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Brent Allan Winters, et al v. Delores Jordan

February 1, 2012

BRENT ALLAN WINTERS, ET AL., PLAINTIFFS,
v.
DELORES JORDAN, ET AL, DEFENDANTS.



The opinion of the court was delivered by: Kendall J. Newman United States Magistrate Judge

FINDINGS AND RECOMMENDATIONS

Presently before the court are motions to dismiss plaintiffs' Third Amended Complaint filed by defendants Delores Jordan and David Silber (Dkt. Nos. 257, 258).*fn1 In addition to being named as a defendant in this action, Silber is also a private attorney who represents Jordan and two other defendants in this action, Virginia and Michael Armstrong. The court previously granted Jordan and Silber leave to file their motions to dismiss late, but also permitted plaintiffs to object to the court's grant of such leave. (Order, Feb. 18, 2011, Dkt. No. 256.) Accordingly, these findings and recommendations address the propriety of permitting to Jordan and Silber leave to file their motions to dismiss, as well as a motion for default judgment that plaintiffs filed in regards to Jordan.

The undersigned has considered the parties' submissions addressed to Jordan's and Silber's motions to dismiss, as well as those submissions pertaining to plaintiffs' objections to the grant of leave to file the motions. For the reasons that follow, the undersigned concludes that it is appropriate to consider Jordan's and Silber's motions to dismiss, which were filed late due to Silber's excusable neglect. Additionally, the undersigned recommends that Jordan's motion to dismiss be granted in part and denied in part, as explained below. The undersigned further recommends that Silber's motion to dismiss be granted and that all of plaintiff's claims alleged against Silber be dismissed with prejudice. Finally, the undersigned recommends that plaintiffs' motion for default judgment be denied as to Jordan.

I. CONSIDERATION OF JORDAN'S AND SILBER'S MOTIONS TO DISMISS

The court granted Jordan's and Silber's ex parte motions seeking leave to file late motions to dismiss, and plaintiffs object to the granting of such leave. Under the peculiar circumstances of this case, the relevant factors weighed to determine whether excusable neglect warrants relief from a filing deadline support a finding that Silber's failure to timely file the motions to dismiss was the result of excusable neglect. Accordingly, the undersigned concludes that Silber's excusable neglect supports the grant of leave to file those motions to dismiss pursuant to Federal Rule of Civil Procedure 6(b)(1)(B), and those motions will be considered on the merits. Due to the long and tortured history of this case, spanning over 300 docket entries to date, some relevant background is provided below.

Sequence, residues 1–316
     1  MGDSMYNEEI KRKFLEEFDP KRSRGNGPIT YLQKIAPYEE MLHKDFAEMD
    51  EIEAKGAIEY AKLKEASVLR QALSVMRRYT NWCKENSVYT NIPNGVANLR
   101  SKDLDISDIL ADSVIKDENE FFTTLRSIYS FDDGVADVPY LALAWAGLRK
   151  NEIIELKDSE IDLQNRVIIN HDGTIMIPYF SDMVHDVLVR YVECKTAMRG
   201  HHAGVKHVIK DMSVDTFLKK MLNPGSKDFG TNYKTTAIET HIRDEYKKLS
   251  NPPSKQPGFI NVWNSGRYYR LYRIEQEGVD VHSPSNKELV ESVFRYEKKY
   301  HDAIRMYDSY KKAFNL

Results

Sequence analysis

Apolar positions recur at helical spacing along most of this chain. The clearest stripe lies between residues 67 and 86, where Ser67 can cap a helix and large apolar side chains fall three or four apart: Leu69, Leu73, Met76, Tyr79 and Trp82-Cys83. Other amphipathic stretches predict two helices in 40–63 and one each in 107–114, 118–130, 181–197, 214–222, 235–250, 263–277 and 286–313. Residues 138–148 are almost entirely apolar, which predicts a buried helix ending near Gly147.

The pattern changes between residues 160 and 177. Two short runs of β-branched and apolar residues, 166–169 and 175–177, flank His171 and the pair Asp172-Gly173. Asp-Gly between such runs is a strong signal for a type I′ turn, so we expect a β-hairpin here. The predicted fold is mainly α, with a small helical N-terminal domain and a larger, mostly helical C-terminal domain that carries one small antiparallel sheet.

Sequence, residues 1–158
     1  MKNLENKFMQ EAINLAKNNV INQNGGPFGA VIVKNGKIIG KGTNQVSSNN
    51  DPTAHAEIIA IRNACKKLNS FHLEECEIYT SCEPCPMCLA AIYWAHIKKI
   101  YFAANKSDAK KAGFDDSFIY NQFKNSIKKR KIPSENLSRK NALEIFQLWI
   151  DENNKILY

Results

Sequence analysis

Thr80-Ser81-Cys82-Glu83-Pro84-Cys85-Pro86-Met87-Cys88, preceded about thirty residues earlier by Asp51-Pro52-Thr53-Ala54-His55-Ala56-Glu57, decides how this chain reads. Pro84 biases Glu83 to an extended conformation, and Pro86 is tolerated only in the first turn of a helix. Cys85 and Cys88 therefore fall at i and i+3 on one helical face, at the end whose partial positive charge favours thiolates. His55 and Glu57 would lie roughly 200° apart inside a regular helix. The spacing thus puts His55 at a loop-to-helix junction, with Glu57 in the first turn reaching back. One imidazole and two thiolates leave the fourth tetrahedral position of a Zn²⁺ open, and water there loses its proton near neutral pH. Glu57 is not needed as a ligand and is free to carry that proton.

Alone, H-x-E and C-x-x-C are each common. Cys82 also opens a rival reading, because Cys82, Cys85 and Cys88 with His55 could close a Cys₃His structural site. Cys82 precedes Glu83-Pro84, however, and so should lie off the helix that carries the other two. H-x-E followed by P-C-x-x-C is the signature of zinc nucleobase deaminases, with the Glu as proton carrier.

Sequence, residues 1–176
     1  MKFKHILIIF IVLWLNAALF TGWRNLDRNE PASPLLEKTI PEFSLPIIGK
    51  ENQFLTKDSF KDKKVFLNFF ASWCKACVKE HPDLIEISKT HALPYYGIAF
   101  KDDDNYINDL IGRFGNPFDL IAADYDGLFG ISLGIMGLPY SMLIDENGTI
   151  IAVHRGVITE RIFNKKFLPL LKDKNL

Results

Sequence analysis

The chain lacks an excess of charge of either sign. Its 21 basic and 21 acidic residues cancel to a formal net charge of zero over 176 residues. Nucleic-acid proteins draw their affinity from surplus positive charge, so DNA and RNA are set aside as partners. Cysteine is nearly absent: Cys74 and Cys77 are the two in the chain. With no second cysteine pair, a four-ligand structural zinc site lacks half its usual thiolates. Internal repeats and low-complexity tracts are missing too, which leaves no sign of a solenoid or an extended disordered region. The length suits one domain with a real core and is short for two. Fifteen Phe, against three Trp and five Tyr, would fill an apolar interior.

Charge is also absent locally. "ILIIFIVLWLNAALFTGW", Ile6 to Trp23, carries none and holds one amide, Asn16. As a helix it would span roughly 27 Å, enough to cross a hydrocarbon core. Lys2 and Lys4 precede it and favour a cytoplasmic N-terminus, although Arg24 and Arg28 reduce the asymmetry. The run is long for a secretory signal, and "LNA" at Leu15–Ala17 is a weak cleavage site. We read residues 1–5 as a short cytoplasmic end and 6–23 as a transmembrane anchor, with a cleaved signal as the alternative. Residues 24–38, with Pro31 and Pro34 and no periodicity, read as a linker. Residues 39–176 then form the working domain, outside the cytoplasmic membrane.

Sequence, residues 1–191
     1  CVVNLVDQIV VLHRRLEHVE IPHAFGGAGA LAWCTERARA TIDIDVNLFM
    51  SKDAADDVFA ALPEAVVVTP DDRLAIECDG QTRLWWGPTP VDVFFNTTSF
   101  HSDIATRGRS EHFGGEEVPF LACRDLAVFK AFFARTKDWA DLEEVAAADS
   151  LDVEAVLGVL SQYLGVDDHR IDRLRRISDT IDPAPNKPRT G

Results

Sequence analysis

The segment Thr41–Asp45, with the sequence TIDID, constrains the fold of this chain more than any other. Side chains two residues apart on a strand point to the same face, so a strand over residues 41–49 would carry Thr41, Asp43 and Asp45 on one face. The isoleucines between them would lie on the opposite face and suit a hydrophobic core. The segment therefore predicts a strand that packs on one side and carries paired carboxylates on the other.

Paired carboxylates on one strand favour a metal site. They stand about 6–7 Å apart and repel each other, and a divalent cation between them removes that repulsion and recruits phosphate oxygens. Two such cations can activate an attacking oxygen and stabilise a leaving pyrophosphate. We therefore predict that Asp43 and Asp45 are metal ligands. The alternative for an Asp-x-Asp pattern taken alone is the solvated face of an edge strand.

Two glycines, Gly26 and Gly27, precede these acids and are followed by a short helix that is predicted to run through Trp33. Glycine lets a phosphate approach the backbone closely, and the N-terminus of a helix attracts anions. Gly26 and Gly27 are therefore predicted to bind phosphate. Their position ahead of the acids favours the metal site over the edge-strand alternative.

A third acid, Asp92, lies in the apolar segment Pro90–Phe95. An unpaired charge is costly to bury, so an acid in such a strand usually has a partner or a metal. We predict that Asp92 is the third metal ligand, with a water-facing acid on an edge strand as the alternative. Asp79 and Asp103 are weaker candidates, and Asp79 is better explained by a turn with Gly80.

On July 3, 2009, Silber appeared in this action on behalf of Jordan and filed Jordan's answer to plaintiffs' Second Amended Complaint (Dkt. No. 29). On July 6, 2009, Silber appeared on his own behalf and filed an answer to the Second Amended Complaint (Dkt. No. 30). Silber also filed answers to the Second Amended Complaint on behalf of his clients, defendants Virginia and Michael Armstrong (Dkt. Nos. 24, 28).

The court subsequently struck plaintiffs' Second Amended Complaint and ordered plaintiffs to file a further amended complaint, which would serve as "plaintiffs' last chance to comply" with the court's orders and relevant procedural rules. (Order, Aug. 24, 2009, Dkt. No. 56.) Plaintiffs subsequently filed their Third Amended Complaint (Dkt. No. 66).

In November 2009, Silber filed motions to dismiss the Third Amended Complaint on behalf of Virginia and Michael Armstrong (Dkt. Nos. 82-85).*fn2 However, Silber did not file motions to dismiss or answers to the Third Amended Complaint at that time. Plaintiffs did not seek a clerk's entry of default against Jordan or Silber, but filed a procedurally improper motion for default judgment that did encompass Jordan, among numerous other defendants (Dkt. No. 189).*fn3

On February 17, 2011, the undersigned held a hearing addressing numerous motions, including plaintiffs' motion for default judgment (Dkt. No. 255). Silber appeared at the hearing seeking leave to file motions to dismiss the Third Amended Complaint on his and Jordan's behalf, citing his excusable neglect. That same morning, Silber filed ex parte applications seeking leave to file the subject motions, which appended the proposed motions to dismiss (Dkt. Nos. 253, 254). Silber's declarations in support of his requests, signed under penalty of perjury, represent that Silber had "just discovered that [he] had not filed a Responsive Pleading in this matter for [his] case or for the case against Delores Jordan." (Silber Decl. In Supp. of Jordan's Ex Parte Appl. ¶ 3 ("Silber Decl.").)*fn4 Silber further declares that he had drafted responses to the Third Amended Complaint on Jordan's behalf and his own behalf, but that "[d]ue to the amount of pleadings filed and the number of defendants [he] lost track of the fact that [he] had not actually filed the pleadings despite the fact that [he] had drafted them at the end of November 2009." (Id. ¶5.) Moreover, Silber declares: "During the last year I have been through a series of personal problems that included divorce from my wife, moving from my house in Texas and a series of other unfortunate events that caused me to lose track of the events in this matter."*fn5 (Id. ¶ 6.)